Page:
Advantage: Japan. Last week, Hitachi Ltd. unveiled the prototype for a new semiconductor that leapfrogs over a generation of memory-chip technology. These chips are essential to computers but are also finding use in such products as compact disc players and televisions. Hitachi's new dynamic access memory (DRAM) chip has a capacity of 64 megabits, or the equivalent of more than 500 newspaper pages. That's 16 times more storage than the current top-of-theline, four-megabit chips distributed by IBM and others. The relentless improvement in chip density has led Cypress Semiconductor founder T. J. Rodgers to affect a ho-hum attitude: "You hear about the newest generation I of chips, and you look down at your watch and say, is it 1991 yet?" But the crushing cost of | developing each new generation of DRAM chips is forcing American firms out of the process, giving dominance to the more well-heeled and patient Japanese.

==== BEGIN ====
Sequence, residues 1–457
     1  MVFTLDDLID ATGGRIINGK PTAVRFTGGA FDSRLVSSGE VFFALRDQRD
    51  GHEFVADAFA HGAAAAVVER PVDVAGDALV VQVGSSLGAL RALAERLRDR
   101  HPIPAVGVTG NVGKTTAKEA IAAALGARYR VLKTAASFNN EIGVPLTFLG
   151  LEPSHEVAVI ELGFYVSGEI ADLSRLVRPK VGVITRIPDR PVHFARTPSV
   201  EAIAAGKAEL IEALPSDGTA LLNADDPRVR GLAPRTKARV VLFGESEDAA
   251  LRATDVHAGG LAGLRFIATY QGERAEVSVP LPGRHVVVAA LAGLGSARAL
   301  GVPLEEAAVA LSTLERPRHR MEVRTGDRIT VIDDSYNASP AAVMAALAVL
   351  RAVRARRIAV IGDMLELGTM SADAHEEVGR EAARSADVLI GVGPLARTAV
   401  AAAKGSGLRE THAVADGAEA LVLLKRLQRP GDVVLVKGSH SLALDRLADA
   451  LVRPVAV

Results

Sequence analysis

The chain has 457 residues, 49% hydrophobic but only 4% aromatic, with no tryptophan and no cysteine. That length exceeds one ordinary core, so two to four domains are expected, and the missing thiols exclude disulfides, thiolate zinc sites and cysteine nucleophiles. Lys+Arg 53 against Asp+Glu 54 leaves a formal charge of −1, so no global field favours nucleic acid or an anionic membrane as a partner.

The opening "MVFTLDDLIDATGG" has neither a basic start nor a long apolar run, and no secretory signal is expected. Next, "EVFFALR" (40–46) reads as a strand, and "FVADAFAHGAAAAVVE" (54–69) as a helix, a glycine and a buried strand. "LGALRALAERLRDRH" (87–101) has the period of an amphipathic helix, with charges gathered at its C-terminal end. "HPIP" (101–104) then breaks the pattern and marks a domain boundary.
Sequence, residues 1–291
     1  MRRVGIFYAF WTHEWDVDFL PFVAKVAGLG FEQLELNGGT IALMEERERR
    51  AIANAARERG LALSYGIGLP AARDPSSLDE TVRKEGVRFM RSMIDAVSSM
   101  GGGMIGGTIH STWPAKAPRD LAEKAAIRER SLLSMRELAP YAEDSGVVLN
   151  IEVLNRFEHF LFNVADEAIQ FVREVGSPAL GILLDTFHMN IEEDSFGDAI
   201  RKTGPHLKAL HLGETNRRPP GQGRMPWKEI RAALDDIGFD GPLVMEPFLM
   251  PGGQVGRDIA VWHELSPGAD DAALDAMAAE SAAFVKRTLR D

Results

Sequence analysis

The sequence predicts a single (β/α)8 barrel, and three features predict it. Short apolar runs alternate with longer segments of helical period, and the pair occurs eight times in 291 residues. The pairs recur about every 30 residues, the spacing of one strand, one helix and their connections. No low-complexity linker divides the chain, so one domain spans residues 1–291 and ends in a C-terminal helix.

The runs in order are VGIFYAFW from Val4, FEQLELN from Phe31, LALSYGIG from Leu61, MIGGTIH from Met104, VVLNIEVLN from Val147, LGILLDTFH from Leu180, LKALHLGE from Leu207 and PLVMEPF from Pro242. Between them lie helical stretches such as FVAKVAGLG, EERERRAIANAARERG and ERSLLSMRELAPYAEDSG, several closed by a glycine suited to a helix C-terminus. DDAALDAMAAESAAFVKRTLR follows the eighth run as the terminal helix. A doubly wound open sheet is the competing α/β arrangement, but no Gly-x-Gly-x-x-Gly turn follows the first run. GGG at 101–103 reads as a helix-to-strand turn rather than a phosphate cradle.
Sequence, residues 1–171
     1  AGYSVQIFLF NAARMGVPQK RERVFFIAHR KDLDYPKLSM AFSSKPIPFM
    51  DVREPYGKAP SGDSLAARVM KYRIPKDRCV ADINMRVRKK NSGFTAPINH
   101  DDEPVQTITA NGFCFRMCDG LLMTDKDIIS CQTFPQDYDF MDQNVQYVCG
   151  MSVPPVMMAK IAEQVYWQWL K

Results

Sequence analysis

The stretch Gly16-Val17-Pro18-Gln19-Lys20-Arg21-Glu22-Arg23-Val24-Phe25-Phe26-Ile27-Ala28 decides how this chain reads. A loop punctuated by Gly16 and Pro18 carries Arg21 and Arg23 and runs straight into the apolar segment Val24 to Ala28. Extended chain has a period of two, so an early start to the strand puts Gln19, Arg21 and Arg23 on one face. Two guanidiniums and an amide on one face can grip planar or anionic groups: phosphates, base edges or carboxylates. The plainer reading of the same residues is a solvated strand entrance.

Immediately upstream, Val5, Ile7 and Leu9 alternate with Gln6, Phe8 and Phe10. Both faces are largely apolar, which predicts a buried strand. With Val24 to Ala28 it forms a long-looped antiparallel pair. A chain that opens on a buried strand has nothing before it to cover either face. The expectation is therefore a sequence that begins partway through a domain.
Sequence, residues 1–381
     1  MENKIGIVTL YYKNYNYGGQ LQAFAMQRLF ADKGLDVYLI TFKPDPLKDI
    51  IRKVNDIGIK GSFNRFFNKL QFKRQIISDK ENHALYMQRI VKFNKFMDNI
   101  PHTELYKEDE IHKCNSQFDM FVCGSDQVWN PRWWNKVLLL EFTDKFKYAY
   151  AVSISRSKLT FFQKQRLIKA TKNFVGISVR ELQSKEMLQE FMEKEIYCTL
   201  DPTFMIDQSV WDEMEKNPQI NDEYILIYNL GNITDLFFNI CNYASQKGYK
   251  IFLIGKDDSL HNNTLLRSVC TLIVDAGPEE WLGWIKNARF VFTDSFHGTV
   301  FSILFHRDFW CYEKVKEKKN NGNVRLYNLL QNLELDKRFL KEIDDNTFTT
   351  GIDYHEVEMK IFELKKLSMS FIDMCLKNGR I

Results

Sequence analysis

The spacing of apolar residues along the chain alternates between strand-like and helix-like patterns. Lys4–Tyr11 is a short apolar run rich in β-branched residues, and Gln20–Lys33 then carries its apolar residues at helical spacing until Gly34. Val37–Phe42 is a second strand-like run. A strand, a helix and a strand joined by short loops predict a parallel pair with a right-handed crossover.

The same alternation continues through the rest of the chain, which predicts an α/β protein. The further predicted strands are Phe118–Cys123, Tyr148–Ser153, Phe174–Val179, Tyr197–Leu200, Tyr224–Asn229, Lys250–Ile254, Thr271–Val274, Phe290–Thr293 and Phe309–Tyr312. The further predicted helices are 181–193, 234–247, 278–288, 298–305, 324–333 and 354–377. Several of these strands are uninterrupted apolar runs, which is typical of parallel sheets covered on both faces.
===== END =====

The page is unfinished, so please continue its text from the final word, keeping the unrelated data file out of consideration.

The effects of Hitachi's announcement won't be felt for some time: Hitachi says that it won't have 64-megabit chips available commercially until 1995. Individual U.S. companies have also been working toward higher-density DRAM chips, but cooperative efforts have been troubled so far. One such attempt, the planned U.S. Memories consortium, fell apart late in 1989; the other, Austin-based Sematech, has proved slow off the blocks. It suffered another blow last week when its chief executive, Robert N. Noyce, died of a heart attack. Noyce, 62, hat it seems, the American-bred industry he helped create is in ever more danger of being overtaken by Japan Inc.